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Traditionally, geoscientists determined their drilling objectives based on seismic, geologic, and reservoir models, displayed most recently in 3D visualization packages. The locations of these targets are passed along to well planners and drilling engineers, who create a proposed drilling path within the context of a spreadsheet: the geologic context is often lost resulting in geometric plans that may not be optimally placed in either the reservoir section or through the overburden, if not enough information has been passed along. These geometric plans may also fail to fully accommodate the geologic risks and uncertainties. By keeping the geologic model integrated in the planning and drilling phases, information pertinent to the success of the job can be exchanged easily and quickly, and, as an added bonus, does not rely on interpretations of written data: The geoscientist and the well planner can work using the same data (from both sides) in the same context; the rigsite geologist and the directional driller are able to update their position relative to the earth model, check the validity of the earth model, and make appropriate adjustments to geometrically steer the well to its optimal location.
In this theoretical example, a very large (1000m x 500m x 175m) geologic target has been specified, along with two intermediate targets, intended to keep the drilling path within the target zone (Figure 1). Although a wellpath can be easily created that intersects each of these targets, it is not necessarily apparent, without the geologic information, if the wellpath has indeed remained within the target zone (Figure 2). By looking in 3D at the curtain section along the wellpath (rather than simply a plot of the vertical section), the first pass shows that the path dips below the target zone, intersecting the lower boundary at the fault intersection—a potentially undesirable position (Figure 3).
Knowing that, the first target can be entered at a higher inclination, allowing less directional drilling and the wellpath to stay within the target zone—all changed in a matter of moments, rather than waiting for a proposal and redesign request to pass between the geoscientist and the well planner. (Figure 4)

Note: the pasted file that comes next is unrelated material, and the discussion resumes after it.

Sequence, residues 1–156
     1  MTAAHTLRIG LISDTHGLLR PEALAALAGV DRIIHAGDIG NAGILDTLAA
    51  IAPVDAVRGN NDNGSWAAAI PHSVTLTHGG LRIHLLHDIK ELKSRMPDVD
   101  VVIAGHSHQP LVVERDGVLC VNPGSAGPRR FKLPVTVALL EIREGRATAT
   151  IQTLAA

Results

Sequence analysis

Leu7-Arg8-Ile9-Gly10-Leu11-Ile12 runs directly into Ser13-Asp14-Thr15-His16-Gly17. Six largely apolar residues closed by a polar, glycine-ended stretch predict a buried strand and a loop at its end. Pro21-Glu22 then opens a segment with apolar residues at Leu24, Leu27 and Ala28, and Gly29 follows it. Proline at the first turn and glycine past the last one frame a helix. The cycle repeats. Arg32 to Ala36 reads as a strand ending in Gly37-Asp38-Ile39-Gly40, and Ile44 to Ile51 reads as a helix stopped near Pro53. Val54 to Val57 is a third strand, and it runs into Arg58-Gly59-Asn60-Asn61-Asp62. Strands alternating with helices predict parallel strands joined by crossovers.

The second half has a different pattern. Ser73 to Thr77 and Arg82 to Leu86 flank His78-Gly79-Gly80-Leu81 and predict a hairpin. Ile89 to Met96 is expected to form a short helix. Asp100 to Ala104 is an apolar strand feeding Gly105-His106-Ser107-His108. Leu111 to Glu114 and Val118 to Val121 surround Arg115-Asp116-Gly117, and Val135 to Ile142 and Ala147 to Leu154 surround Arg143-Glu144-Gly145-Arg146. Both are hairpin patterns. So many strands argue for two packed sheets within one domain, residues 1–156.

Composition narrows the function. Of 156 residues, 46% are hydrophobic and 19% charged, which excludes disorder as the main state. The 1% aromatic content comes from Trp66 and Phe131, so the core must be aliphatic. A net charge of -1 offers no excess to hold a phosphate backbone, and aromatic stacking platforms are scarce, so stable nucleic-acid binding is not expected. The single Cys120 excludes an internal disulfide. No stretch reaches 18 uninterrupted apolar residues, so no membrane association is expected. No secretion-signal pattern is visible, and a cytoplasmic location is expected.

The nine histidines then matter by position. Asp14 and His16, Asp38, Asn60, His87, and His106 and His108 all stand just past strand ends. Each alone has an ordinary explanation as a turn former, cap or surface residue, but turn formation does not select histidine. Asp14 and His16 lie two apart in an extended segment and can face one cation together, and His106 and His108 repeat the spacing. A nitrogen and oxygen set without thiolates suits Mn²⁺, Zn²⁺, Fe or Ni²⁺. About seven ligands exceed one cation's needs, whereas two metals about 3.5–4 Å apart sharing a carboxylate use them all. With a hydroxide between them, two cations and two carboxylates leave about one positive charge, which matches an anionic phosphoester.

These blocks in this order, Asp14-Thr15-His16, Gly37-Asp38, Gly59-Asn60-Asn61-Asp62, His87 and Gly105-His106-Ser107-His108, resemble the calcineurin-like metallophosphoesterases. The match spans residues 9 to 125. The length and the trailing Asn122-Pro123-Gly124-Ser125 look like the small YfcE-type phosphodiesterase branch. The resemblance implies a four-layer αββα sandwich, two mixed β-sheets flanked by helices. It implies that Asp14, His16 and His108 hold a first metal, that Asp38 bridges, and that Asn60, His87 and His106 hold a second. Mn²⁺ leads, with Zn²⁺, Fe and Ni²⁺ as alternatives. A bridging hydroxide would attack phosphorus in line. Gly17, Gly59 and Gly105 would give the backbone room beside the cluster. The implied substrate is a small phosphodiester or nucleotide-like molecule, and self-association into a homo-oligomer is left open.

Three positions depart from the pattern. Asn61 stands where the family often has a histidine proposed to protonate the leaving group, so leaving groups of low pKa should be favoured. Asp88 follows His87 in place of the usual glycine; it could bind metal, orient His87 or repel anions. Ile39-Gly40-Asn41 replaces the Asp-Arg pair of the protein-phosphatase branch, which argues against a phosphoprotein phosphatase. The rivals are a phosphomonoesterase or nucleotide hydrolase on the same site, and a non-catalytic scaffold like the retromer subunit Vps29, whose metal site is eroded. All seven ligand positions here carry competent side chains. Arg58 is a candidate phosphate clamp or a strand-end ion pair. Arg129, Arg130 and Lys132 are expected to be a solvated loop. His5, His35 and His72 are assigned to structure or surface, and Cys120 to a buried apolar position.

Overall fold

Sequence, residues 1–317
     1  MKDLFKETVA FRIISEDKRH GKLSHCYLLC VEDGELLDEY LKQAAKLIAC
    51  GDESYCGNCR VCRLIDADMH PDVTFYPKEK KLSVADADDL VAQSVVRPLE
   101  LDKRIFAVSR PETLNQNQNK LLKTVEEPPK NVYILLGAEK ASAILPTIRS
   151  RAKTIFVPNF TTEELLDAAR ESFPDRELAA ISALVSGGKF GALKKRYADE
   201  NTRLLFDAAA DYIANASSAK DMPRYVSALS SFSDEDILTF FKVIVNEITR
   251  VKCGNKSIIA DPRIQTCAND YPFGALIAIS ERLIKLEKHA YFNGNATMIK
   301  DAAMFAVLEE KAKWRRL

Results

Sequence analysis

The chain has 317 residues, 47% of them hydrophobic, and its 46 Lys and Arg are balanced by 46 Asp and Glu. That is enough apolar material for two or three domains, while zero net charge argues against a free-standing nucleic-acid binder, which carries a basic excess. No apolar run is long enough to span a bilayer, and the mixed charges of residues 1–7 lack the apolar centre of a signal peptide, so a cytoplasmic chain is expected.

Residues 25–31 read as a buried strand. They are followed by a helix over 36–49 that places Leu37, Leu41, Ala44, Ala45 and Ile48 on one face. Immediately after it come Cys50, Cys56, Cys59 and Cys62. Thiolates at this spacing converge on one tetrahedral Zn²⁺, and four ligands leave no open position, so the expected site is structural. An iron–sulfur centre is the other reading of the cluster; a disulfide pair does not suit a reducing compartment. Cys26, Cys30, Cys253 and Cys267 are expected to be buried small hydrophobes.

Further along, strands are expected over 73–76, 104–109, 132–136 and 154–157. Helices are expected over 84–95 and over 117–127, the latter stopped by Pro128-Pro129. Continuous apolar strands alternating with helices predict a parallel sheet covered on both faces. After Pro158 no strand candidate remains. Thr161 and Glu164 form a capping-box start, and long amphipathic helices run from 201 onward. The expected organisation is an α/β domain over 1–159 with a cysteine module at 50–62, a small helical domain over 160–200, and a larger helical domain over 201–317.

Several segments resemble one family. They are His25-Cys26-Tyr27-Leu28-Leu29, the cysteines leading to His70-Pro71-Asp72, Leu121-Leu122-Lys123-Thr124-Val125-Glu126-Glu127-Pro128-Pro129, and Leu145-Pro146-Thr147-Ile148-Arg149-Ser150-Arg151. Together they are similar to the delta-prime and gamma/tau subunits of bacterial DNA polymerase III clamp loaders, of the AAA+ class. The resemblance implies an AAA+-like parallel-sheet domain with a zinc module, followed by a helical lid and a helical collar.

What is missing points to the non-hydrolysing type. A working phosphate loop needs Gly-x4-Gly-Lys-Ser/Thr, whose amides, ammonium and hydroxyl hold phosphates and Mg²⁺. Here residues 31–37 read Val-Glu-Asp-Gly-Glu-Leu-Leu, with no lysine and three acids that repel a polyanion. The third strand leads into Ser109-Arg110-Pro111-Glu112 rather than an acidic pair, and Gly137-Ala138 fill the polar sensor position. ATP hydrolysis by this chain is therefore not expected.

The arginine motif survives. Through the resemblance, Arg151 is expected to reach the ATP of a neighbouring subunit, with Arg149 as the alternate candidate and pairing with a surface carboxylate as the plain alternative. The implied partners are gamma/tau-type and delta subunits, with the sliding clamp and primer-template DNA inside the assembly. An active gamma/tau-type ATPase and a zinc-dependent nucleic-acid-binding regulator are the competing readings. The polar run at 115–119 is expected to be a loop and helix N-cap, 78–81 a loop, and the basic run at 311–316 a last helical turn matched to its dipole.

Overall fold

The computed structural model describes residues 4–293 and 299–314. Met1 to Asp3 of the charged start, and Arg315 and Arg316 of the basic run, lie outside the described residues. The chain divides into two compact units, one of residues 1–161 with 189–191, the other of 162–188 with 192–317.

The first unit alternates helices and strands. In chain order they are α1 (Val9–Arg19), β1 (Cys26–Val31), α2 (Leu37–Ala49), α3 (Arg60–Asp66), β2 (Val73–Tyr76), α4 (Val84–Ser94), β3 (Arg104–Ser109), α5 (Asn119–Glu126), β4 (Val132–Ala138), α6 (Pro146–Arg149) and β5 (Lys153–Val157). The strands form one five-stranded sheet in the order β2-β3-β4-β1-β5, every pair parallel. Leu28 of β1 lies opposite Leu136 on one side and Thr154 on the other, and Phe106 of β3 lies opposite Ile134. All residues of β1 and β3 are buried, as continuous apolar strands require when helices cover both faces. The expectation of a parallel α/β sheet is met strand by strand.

Even with the better path, however, the positional uncertainty needs to be taken into account (Figure 5, 6). While the geoscientist may feel that a target is so large it cannot be missed, that might not be the case. Geologic targets should be ″eroded″ to determine a driller′s target: this new eroded target is the geologic target volume ″minus″ the positional-uncertainty ″volume″ (based on the defined survey programme). The remaining target is what is left for the driller to intersect. Since the eroded target size is dependent on the accuracy of the tool type and model, if the survey programme designed uses tools with small positional uncertainty models (i.e., more accurate tools), the driller′s target should be quite large, and the likelihood of being able to hit the target is high (given the confidence level set for the positional uncertainty) (Figure 5). If, however, the survey programme uses tools with poor or large positional uncertainty so that the positional uncertainty increases, the driller′s target can be reduced so significantly or even completely disappear, resulting in an unacceptable probability of success, even with such an initially large reservoir target.
Additional information, such as angles at which the drill bit will intersect a fault given a specified plan (Figure 7) or the distance from a hazard such as a fault or lease line, can also be more easily determined both visually and numerically by including the geologic model during the planning phases of a drilling project. While drilling, horizon information can be easily incorporated back into the earth model (e.g., by shifting horizons to match log information) to keep a consistent updated view of the project (Figure 8).
In the end, both sides benefit when an integrated approach (9, 10, and 11) is carried from the planning phase to the drilling phase. Planning can be performed quicker with less iterations necessary; planning can be performed against alternate earth models quickly and efficiently; affects of positional uncertainty are easily viewed; earth models can be updated with drilling information at the rigsite, and geometric well steering within the context of the earth model can be optimized.